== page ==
It was only 421 days ago that the Red Sox used their seventh overall selection in the 2015 Major League Baseball draft to select 21-year-old Andrew Benintendi, a kid whom his coach at Arkansas, Dave Van Horn, suggested would move quickly through the minor leagues.
Did he have this sort of rapid ascent in mind?
With Benintendi raking at Double-A Portland and the parent club noting the need for another bat in left field to improve upon Brock Holt-Bryce Brentz, the Red Sox recalled the 22-year-old prospect Monday night in Seattle, following their 2-1 win over the Mariners. He’s the first Red Sox player to skip Triple-A on his way to the big leagues since fellow outfielder Jackie Bradley Jr. scorched his way to the big leagues out of spring training in 2013 by hitting .441.
Bradley hit .189 in 37 regular season games that year and found himself in Pawtucket by mid-July.
So, here comes Benintendi, hitting .295 overall with eight home runs and an .872 OPS for the Sea Dogs, but .368 over his last 10 games, a recent stretch that clearly convinced the Sox brass that he was ready for the next level. Even if he’s skipping one en route and thrust into a tight playoff race with 58 games remaining until October.
No pressure, kid.
‘‘From all reports … he’s ready and we’re going to get a first-hand look at him very soon,’’ Red Sox manager John Farrell said.
The left-handed-hitting Benintendi was hitting only .196 after his first 13 games at Portland, following his promotion from Single-A Salem in mid-May. Can the Red Sox really expect better than that in the majors?
“It came down to, we think he can come up here and contribute to our club and help us win,” Red Sox president of baseball operations Dave Dombrowski said.
He won’t be the first top-10 draft pick from last year’s class to debut in the major leagues this season. Second overall pick Alex Bregman was recently summoned by the Houston Astros and is hitting .036 with eight strikeouts in 28 at-bats after hitting .306 with a .986 OPS between Triple-A Fresno and Double-A Corpus Christi. Pitcher Carson Fulmer, whom the White Sox selected one pick after the Red Sox picked Benintendi, has a 13.50 ERA over 5 1/3 innings pitched thus far with Chicago.
But with the Red Sox’ normally-powerful offense only managing to score 27 runs over their last seven games and Dombrowski unable to improve on the outfield spot at the trading deadline, they’ll become the latest to turn to a first-round draft pick from 2015.
“We thought some of them were good choices, but we also thought the cost for some of those were quite high,” Dombrowski said. “We also weighed that versus what we thought the availability of being ready for Benintendi would be. And our people kept coming up and saying, ‘We think he can play at the big league level and we think he’s ready.’”
If this were a year ago, with the Red Sox plunging toward another last-place finish with nothing to play for, recalling Benintendi, frequently mentioned in the Chris Sale trade rumors which were never a reality over the past week, would make perfect sense. But following Monday’s win, Boston is only a game in back of the Baltimore Orioles in the AL East, tied for second place with the Toronto Blue Jays. Both teams lead the AL wild card race, 1 1/2 games ahead of the surging Detroit Tigers.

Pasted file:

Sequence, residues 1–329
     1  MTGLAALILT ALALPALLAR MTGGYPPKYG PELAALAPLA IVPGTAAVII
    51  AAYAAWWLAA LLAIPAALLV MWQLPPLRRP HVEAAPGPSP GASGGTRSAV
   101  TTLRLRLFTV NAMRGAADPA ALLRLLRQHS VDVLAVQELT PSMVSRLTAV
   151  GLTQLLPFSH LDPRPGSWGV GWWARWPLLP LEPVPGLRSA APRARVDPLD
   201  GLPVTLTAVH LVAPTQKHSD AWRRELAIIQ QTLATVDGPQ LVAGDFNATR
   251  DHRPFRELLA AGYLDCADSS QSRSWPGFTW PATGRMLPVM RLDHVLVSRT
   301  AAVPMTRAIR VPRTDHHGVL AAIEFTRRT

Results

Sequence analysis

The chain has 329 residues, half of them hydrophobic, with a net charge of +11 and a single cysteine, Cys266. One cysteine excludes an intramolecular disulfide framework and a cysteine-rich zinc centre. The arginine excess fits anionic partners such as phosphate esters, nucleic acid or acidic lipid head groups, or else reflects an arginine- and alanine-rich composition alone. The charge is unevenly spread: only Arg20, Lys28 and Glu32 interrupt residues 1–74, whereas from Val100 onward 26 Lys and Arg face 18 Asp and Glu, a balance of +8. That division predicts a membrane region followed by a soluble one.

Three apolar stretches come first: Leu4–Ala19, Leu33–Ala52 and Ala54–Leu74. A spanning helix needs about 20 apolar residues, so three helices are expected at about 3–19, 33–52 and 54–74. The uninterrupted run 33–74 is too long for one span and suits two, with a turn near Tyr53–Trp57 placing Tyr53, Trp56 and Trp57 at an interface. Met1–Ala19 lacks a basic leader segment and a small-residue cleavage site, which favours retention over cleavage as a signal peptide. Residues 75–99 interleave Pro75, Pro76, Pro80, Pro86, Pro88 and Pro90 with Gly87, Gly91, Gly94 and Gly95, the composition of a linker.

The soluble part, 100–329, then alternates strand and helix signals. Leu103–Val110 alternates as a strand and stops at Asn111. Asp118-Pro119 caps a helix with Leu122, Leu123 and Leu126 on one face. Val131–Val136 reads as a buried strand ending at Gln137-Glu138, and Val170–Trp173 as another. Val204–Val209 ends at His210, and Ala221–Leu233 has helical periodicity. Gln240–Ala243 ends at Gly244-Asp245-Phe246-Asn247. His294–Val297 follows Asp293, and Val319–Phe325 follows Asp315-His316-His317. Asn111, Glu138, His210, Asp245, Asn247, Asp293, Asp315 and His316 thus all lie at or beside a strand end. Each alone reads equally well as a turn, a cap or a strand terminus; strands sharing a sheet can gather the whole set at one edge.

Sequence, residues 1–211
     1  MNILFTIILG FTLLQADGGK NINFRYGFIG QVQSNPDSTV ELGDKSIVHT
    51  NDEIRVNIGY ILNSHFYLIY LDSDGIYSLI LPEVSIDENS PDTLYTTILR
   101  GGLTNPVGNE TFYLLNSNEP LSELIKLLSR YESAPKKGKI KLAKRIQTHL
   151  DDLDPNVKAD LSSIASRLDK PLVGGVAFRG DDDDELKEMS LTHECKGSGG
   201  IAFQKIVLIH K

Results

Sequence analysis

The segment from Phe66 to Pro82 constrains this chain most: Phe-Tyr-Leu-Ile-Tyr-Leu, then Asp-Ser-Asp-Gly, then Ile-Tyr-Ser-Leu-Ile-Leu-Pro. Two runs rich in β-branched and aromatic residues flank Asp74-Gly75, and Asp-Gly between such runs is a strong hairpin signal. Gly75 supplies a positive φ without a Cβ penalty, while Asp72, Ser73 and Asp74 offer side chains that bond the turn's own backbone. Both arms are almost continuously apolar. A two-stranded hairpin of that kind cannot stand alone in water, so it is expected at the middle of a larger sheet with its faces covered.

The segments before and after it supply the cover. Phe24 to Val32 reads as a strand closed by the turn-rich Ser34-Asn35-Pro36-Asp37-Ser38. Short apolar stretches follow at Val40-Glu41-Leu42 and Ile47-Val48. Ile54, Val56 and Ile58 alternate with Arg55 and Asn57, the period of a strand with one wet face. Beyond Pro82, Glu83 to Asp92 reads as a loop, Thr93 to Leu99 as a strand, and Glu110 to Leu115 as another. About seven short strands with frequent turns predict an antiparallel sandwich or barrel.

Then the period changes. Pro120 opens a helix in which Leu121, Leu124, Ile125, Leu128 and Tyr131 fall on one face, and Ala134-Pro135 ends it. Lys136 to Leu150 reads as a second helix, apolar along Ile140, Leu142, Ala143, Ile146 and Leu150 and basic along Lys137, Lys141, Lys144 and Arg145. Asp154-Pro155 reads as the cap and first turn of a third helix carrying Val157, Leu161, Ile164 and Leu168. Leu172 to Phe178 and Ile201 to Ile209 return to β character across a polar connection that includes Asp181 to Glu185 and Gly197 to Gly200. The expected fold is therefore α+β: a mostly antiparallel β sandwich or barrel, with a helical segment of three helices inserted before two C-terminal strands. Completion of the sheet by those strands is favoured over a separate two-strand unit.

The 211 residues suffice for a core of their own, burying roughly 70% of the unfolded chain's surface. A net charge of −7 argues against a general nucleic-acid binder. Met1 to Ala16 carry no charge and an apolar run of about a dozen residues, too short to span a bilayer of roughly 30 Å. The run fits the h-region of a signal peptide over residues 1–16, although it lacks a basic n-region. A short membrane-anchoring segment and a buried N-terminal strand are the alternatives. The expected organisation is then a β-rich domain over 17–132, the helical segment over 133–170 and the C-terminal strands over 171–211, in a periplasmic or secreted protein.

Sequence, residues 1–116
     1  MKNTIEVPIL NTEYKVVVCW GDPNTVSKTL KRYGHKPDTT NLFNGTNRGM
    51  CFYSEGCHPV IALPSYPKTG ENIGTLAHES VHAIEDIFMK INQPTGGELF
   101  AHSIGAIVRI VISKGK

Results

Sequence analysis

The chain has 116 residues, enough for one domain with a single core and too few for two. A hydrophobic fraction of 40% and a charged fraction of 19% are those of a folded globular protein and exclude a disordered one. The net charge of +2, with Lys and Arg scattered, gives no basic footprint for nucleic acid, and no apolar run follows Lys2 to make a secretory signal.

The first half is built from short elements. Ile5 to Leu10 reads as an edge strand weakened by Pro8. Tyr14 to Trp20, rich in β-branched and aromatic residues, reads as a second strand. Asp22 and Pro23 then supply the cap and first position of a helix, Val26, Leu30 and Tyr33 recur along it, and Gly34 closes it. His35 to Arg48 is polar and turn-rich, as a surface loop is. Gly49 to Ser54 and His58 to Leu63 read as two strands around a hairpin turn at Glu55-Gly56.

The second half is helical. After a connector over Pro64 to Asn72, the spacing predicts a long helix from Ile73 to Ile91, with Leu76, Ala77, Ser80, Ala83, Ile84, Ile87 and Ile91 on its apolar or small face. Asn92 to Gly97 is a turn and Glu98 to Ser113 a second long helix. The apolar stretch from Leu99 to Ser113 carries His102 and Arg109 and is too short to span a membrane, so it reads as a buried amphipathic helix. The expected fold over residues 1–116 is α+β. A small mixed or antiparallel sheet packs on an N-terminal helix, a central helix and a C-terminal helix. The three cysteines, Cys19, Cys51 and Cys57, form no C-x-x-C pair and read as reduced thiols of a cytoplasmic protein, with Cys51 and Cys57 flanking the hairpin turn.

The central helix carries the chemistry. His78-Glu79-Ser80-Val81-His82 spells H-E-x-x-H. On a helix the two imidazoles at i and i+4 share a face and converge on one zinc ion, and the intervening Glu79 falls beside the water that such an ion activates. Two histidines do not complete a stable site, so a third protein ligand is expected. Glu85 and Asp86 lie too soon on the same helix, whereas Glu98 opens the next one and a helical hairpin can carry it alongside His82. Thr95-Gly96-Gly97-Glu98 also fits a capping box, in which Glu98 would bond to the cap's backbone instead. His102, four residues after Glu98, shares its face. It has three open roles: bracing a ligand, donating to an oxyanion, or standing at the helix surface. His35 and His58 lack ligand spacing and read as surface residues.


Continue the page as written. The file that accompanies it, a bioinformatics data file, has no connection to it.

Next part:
Is this the right time to experiment with the future of the franchise?
“It’s really not that unusual,” Dombrowski said. “I’ve really brought a lot of guys up from Double-A. To me, it’s always been — Triple-A is a very important league, but it’s also a situation where if they can hit at the Double-A level, if they can play at the Double-A level, it shows that they have the capabilities to do that. Now it doesn’t mean that they’re ready all the time, there’s always an adjustment period, but I always think that Double-A is a real proving ground.”
It’s not like Benintendi is a prodigy beyond the Red Sox’ grasp at age 22. Mookie Betts was only 21 when he hit .291 over 52 games with the team in 2014. Blake Swihart was 23 when the Red Sox rushed him to the big leagues and watched him hit .274 after some early adjustment struggles. Bradley was 24 when he played in 127 games in 2014, hitting only .198, but flashing a Gold Glove-level defense in center field.
After 60 games in Triple-A, Xander Bogaerts took over third base in 2013 for a team in a pennant chase and hit .250 before hitting .412 in the playoffs, en route to a World Series title.
That’s a progression the Red Sox can only hope for with their new left fielder.
“He’s a well-rounded player,” Dombrowski said. “He’s a good defensive player, he runs the bases well, he has a good arm, we’ve been working him out at left field and he’s been able to play the wall well in Portland there … So it really came down to we think he can come up here and contribute to the club and help us win. And that’s important at this time. Now, he has a strong personality, he has a quality work ethic, good makeup. If he goes through an adjustment period, which could happen, we think he can handle that.”
One year ago, he was in Lowell, playing for the Single-A Spinners. Now, Benintendi is heading to Seattle for a taste of his first action in the major leagues. Farrell said he will start him against right-handed Hisashi Iwakuma on Wednesday.
There will be no Pawtucket. For now.
Here comes Andrew Benintendi. One more kid in the outfield.
“He’s got some power,” Van Horn said upon watching his player get drafted last summer. “He’s an outstanding baserunner. He has a really good feel on the bases for stealing bases. He’s very fast. He’s an outstanding defender. He’s got a strong arm and it’s accurate. He’s got a lot of tools.
“He just has a lot of baseball instincts. He’s a great player.”
The Red Sox are already prepared to find out.
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